Sci-Fi, TV Reviews

Doctor Who: David Tennant (2005-2010)

 

David Tennant: The Tenth Doctor. Every Whovian has *their* Doctor and Tennant is mine. Don’t get me wrong, Christopher Eccleston was truly superb, but David added a sexy, clumsy, quirky attitude to the travelling Timelord. Arguably Chris didn’t stay long enough to fully get into the role and create a strong bond with the audience, but the 3-Series-Tennant stayed long enough to sear onto the hearts of the nation. It is insanely difficult to review a Doctor who has stayed over 48 episodes and played the role exceedingly well but nevertheless I will try my hardest.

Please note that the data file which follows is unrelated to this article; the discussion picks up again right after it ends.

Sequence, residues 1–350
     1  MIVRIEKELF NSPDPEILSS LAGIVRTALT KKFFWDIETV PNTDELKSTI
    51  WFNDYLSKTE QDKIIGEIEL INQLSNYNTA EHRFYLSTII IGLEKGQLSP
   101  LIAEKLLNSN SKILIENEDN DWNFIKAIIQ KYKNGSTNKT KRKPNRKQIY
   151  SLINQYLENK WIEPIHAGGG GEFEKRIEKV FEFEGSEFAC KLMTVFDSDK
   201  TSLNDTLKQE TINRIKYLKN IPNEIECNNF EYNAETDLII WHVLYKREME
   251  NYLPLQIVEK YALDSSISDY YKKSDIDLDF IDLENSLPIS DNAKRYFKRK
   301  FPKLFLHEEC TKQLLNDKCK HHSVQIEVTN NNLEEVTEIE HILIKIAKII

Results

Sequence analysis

David Tennant added that little bit of spice that was lacking with Christopher Eccleston’s Doctor; a sexy, more clumsy side to the the timelord. It was no secret that the Doctor and Rose had a special connection and I think both Billie Piper and David bounced of each others’ vibes when creating the romantic tension. It was a very unique connection for the Doctor and I think David put his own mark on how a timelord would deal with those emotions; knowing he would outlive Rose and eventually, lose her. David’s incarnation as the Doctor literally crash landed with the Christmas Special, The Christmas Invasion (2005) where the first glimpse we see of him is when he is falling out of the TARDIS and instantly being a charismatic, comedic Doctor. I think it’s very difficult to dislike such a funny man, which is what made such an impression with all the female (and no doubt male) viewers. David’s Doctor acted as relief from the more serious Christopher Eccleston’s, not because Chris was not funny, more because his Doctor carried the weight of the Time War and had a sinister side to him where as Ten was more hyper and care-free. Many people criticise the love story between Rose and the Doctor, but personally I think we’ve got to remember that he does have a romantic side, it makes the audience better understand and empathise with. His acting was truly superb, especially in Doomsday and Parting of the Ways – I think that gave the audience a chance to realise the emotion that goes into playing a character which is ultimately, lonely.

 

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